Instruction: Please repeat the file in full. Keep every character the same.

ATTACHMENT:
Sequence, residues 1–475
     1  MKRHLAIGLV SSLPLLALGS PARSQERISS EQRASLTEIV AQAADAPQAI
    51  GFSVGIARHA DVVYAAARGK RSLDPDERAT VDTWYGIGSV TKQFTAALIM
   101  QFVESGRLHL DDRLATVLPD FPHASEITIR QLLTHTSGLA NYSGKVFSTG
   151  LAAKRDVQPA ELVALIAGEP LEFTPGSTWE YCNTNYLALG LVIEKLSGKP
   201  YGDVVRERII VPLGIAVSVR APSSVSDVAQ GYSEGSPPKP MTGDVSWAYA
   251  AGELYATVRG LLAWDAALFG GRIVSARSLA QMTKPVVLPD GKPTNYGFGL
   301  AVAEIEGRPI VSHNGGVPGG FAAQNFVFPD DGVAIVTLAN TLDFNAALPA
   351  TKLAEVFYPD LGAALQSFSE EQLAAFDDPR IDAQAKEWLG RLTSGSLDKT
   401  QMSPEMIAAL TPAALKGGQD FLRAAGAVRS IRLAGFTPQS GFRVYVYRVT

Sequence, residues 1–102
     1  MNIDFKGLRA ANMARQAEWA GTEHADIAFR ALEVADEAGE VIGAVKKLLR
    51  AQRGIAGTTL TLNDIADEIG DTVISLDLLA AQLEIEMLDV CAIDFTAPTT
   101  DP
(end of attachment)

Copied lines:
Sequence, residues 1–475
     1  MKRHLAIGLV SSLPLLALGS PARSQERISS EQRASLTEIV AQAADAPQAI
    51  GFSVGIARHA DVVYAAARGK RSLDPDERAT VDTWYGIGSV TKQFTAALIM
   101  QFVESGRLHL DDRLATVLPD FPHASEITIR QLLTHTSGLA NYSGKVFSTG
   151  LAAKRDVQPA ELVALIAGEP LEFTPGSTWE YCNTNYLALG LVIEKLSGKP
   201  YGDVVRERII VPLGIAVSVR APSSVSDVAQ GYSEGSPPKP MTGDVSWAYA
   251  AGELYATVRG LLAWDAALFG GRIVSARSLA QMTKPVVLPD GKPTNYGFGL
   301  AVAEIEGRPI VSHNGGVPGG FAAQNFVFPD DGVAIVTLAN TLDFNAALPA
   351  TKLAEVFYPD LGAALQSFSE EQLAAFDDPR IDAQAKEWLG RLTSGSLDKT
   401  QMSPEMIAAL TPAALKGGQD FLRAAGAVRS IRLAGFTPQS GFRVYVYRVT

Sequence, residues 1–102
     1  MNIDFKGLRA ANMARQAEWA GTEHADIAFR ALEVADEAGE VIGAVKKLLR
    51  AQRGIAGTTL TLNDIADEIG DTVISLDLLA AQLEIEMLDV CAIDFTAPTT
   101  DP